Once again, the Maya calendar title theme is present here. In Spanish, “Murciélago” means bat and “Zotz” is a month in the Haab calendar represented by a hieroglyph of the leaf-nosed bat.  The word “Zotz” also being the Q’eqchi’ Mayan word for bat.

The bat holds many meanings including rebirth, death and thought to represent both good and evil. Ancient Mayans revered a God called Camazotz meaning “death bat” in the Quiché Maya language. The bat is thought to have strong ties to Xibalba, the underworld, and is a powerful force against enemies.

In episode 4, we may be able to expect the bat to appear as a symbolic figure as the Santo Padre charter flies out of the frying pan for a fleeting moment into a new partnership that will change the game.

5. Uch/Opossum

Directed by Sebastián “Batan” Silva

Synopsis: Unavailable

“Uch” is opossum in Q’eqchi Mayan. Why does the second-word shift to English for “opossum”? Your guess is good as ours. If this title followed the previous pattern, it may have read “Zarigüeya/Uch”. However, something is still missing- a direct connection to the Maya.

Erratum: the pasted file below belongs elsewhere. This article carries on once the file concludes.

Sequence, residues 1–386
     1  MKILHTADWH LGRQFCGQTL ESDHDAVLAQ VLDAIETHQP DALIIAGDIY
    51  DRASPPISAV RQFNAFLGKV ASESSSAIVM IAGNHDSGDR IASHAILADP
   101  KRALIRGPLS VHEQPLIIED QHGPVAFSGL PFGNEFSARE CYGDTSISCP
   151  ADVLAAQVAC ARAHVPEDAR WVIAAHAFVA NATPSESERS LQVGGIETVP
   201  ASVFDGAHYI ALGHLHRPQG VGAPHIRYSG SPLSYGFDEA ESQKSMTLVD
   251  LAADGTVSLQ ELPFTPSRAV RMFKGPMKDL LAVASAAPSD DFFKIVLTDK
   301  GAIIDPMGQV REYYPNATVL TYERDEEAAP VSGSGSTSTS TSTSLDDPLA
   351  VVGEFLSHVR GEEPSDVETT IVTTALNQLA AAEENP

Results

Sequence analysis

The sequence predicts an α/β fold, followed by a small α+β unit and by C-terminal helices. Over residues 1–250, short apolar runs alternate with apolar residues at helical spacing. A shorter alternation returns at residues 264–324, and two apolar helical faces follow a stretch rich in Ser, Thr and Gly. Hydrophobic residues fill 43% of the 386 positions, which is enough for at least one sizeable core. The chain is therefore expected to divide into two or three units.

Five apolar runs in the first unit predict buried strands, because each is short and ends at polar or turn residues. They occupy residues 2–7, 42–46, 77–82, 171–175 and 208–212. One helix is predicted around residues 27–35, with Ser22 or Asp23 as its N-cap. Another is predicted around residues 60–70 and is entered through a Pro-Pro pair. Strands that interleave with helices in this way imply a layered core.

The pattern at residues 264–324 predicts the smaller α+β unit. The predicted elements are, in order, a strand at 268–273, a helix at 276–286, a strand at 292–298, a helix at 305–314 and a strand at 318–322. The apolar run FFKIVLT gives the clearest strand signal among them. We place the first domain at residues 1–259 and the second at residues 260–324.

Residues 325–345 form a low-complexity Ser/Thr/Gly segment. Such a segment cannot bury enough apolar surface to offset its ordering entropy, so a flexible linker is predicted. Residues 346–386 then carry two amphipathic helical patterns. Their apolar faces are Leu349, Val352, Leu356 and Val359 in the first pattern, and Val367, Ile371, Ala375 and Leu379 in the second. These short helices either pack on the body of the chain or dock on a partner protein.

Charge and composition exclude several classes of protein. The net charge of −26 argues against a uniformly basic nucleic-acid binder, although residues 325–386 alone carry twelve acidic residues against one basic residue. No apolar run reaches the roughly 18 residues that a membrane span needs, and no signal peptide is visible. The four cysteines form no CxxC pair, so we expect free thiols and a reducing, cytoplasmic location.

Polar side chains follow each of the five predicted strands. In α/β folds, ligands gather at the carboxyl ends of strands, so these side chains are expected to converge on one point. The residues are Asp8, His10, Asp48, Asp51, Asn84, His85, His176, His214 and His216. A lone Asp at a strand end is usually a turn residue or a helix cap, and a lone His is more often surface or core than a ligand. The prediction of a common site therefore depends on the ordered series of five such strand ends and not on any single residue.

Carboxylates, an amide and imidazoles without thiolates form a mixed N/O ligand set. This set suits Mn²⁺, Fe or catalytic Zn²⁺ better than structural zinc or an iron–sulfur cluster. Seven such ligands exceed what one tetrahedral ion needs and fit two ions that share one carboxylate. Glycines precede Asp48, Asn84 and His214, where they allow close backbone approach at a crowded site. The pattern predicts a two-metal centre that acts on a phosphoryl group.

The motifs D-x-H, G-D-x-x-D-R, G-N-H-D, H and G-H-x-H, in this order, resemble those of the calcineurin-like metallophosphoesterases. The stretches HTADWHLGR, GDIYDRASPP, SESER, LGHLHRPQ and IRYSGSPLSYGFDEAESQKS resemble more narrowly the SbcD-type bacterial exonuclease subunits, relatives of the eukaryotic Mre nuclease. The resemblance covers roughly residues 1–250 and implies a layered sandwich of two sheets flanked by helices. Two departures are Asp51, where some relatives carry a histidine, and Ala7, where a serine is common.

However, the symbolism of the opossum may refer to the adaptation of a particular strategy among the Santo Padre charter as the Mayans makes alternate plans to handle the Galindo cartel that will result in fewer casualties on their end.

6. Gato/Mis

Directed by Félix Alcalá

Synopsis: Unavailable

Very simple, “Gato” means cat in Spanish and “Mis” is the Q’eqchi Mayan word for cat. The cat, well known for having 9-lives,  could symbolize the Mayans MC’s resilience, moving into the second half of the season.

Ancient Mayans respected the largest and powerful jungle cat, the jaguar, sometimes representing ferocity and confrontation of enemies.

7. Cucaracha/K’uruch

Directed by Rachel Goldberg

Synopsis: Unavailable

Meaning cockroach in both Spanish and in Yucatec Maya. Best when crushed beneath one’s boot. We know the meaning, but the symbolism is lost on us.